I really do live for the future...That’s why some days I wish I were very very old-looking so I wouldn’t have to think about getting old-looking. --Andy Warhol While the relationship between Warhol’s films and the cinematic past is intriguing, it is more interesting to consider how his work presaged the future. Primary among his influences is the unique kind of subject matter he immortalized. Warhol worked within the context of an established New York City gay subculture, and many of his films have homosexual themes. In My Hustler (1965) we watch a stud on the beach (played by Paul America), as an off-screen male voice makes desirous claims on him. Other films are more sexually explicit. In Couch (1964), both homosexual and heterosexual couples make love on a piece of Factory furniture. Furthermore, some of the most famous figures in Warhol’s artistic "stable" were transvestites (like Holly Woodlawn or Candy Darling). While, in choosing shocking content, Warhol built upon a tradition of New American Cinema (e.g. Fireworks [1947] by Kenneth Anger, Flaming Creatures [1963] by Jack Smith), his own status as a famous artist brought new visibility to the material. It is unthinkable that films like Pink Flamingos (1972), La Cage Aux Folles (1978), or The Adventures of Priscilla, Queen of the Desert (1994) could have been made and exhibited widely, without the work of Warhol having paved the way.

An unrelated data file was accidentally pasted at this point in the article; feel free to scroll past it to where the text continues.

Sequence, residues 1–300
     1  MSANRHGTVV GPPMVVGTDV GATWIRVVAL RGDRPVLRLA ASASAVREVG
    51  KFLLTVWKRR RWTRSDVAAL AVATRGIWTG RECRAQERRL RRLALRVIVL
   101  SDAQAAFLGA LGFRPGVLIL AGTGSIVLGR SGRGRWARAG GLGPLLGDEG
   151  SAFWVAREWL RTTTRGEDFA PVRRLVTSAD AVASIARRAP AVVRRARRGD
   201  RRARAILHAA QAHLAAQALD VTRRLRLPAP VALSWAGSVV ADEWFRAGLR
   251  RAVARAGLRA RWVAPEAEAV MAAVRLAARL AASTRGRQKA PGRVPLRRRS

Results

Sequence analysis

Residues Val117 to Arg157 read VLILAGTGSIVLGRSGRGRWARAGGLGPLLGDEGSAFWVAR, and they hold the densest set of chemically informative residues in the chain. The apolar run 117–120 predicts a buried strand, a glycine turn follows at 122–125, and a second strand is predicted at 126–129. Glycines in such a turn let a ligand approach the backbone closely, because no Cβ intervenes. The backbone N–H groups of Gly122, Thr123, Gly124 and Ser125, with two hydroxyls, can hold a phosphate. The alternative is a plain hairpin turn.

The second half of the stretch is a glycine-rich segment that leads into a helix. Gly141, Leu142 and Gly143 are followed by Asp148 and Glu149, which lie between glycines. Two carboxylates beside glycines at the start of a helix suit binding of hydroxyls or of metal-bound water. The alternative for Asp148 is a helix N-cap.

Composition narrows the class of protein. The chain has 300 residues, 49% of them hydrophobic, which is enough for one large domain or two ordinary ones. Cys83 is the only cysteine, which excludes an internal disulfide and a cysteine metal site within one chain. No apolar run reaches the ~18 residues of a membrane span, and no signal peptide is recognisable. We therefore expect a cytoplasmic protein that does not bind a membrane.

But, beyond the issue of sexuality, Warhol’s subject matter was unsettling in other ways. He was fascinated with reclaiming those individuals whom society considered "losers." As Barbara Kruger remarked, the Factory was a "site at which the marginalized could enthusiastically produce the image of their own (im)perfection." This fixation on eccentricity lives on beyond Warhol in such disconcerting documentaries as Gates of Heaven (1974) in which people discuss the deaths of their pets; and in Crumb (1994), a profile of an odd underground cartoonist. To some degree, we also see the similarity of Warhol’s obsession with fringe characters on much of daytime talk television (the shows of Montel Williams, Jerry Springer, and Jenny Jones), which feature a host of dysfunctional personalities. We also find its traces in such mainstream movies as Leaving Las Vegas (1995) or Trainspotting (1996), which depict the lives of the down-and-out and disaffected. 

While some aspects of Warhol’s heritage are rather dark, other elements are quite droll. Warhol brought a comic "camp" sensibility to the American public (and even made a film of that name). Here, one thinks of his punning movie titles (Harlot instead of Harlow), and of his "over-the-top" sensibility (making a six-hour film about someone asleep). Much contemporary parody traces its roots to Warhol, as does the humor of Saturday Night Live, for which Warhol once produced segments.